Red wine and Lamictal do not a happy LEAFer make.
A yoga mat, when sadly not used for its primary purpose, makes a nice place to take a nap. (I have neglected practice since Friday. Getting up this morning was apparently Not In The Stars.)
Yungchen Lhamo doesn’t sing so much as channel emotion through her body. Sacred music – a voice that slices right through your defenses, soaring phrases that don’t ever seem to end, a distinctly non-Western tonality, dark notes of longing, tears and frustration, lifted by the hope of a clear, bright rainbow of sound. She reminds me that I am letting my own voice go to waste by not sharing it.
I missed my daughter somethin’ fierce.
Fifteen minutes of massage, when applied by a talented masseuse, can be just the right amount of bliss. Happens that my yoga instructor was there, and she’s opening her own studio in Asheville soon. She’s the one with the hands.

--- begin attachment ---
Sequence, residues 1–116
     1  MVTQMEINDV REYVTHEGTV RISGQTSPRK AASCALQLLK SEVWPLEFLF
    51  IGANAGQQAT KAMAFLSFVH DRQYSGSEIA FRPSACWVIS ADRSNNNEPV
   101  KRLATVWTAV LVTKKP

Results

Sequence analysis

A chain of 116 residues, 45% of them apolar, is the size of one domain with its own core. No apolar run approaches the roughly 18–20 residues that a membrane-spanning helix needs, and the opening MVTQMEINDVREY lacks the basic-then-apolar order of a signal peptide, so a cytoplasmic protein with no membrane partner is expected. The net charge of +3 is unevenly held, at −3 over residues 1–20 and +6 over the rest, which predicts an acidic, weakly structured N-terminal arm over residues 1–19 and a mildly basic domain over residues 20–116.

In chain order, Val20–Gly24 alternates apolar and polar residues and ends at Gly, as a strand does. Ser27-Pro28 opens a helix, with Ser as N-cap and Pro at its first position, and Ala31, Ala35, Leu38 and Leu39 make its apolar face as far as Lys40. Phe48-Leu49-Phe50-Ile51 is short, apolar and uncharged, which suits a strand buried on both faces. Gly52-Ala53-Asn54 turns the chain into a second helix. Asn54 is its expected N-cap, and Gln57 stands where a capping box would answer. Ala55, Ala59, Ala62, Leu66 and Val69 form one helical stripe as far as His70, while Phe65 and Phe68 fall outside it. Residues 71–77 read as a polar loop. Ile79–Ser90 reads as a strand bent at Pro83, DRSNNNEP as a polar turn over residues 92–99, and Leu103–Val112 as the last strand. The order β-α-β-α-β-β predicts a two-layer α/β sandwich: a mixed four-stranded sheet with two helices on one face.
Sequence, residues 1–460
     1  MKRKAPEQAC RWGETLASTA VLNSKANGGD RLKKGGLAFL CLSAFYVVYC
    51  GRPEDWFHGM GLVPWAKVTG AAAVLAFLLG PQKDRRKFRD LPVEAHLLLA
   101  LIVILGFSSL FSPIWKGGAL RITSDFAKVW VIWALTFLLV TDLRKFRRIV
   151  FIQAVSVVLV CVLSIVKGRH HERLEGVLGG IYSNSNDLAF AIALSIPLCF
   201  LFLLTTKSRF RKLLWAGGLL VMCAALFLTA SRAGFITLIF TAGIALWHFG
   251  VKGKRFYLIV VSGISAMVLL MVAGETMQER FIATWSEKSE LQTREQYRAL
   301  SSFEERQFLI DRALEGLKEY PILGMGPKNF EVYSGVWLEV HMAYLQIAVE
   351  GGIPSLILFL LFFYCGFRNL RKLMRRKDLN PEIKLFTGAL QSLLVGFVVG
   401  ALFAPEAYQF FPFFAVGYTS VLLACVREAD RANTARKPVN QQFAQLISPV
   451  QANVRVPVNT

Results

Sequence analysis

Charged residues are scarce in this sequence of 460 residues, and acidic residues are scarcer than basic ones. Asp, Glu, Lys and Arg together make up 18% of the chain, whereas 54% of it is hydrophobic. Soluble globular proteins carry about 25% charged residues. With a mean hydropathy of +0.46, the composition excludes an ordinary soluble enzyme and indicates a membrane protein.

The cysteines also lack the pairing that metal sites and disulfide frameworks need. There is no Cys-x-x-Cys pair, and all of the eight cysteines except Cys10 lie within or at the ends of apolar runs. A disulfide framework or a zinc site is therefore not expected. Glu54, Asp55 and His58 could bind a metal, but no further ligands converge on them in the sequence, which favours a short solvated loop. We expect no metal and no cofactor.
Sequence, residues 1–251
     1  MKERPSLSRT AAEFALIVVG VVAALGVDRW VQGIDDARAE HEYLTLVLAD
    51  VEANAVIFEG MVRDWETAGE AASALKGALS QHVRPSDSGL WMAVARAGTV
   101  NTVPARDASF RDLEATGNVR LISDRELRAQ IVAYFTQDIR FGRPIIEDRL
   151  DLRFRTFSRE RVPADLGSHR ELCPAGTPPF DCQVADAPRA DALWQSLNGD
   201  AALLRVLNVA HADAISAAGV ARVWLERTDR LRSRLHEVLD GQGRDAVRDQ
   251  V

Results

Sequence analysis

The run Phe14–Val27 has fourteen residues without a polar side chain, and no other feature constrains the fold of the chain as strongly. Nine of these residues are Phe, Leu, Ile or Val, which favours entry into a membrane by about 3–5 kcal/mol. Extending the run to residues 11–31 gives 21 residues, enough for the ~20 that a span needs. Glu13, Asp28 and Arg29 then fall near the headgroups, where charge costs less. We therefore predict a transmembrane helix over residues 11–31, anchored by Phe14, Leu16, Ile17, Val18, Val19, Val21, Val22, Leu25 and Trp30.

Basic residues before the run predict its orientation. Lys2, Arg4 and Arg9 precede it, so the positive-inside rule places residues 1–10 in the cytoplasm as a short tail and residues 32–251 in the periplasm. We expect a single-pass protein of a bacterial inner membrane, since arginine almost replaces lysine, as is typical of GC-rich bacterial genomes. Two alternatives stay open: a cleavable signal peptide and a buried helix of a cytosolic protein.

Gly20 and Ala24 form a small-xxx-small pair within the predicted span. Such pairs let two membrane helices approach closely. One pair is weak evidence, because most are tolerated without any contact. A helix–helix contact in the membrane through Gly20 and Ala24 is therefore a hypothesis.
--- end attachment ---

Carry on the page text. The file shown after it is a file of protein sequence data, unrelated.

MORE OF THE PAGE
Lúnasa kicks ass. So do Will’s boiled peanuts.
I can still contra dance. Brian’s contra days appear to be over, at least until we can figure out what the hell is wrong with his hips.
It takes genius in the hands to work a kora. From a distance, it sounded like a piano or a harpsichord, but not quite. It’s a lot like a harp, except… not. Hard to explain. I got to watch Mamadou Diabate from five feet away, me hanging onto the front of the stage, trying to close my mouth lest I look too much like a five-year-old. He’s enormous, and so is his kora (npi.) When he played, his fingers were a blur on the strings. I’m sure I wasn’t the only person in the audience wondering what else he could do with those fingers.
There were little enclaves of music everywhere – mostly impromptu drum circles and Appalachian jams.
I still wish I could play the fiddle.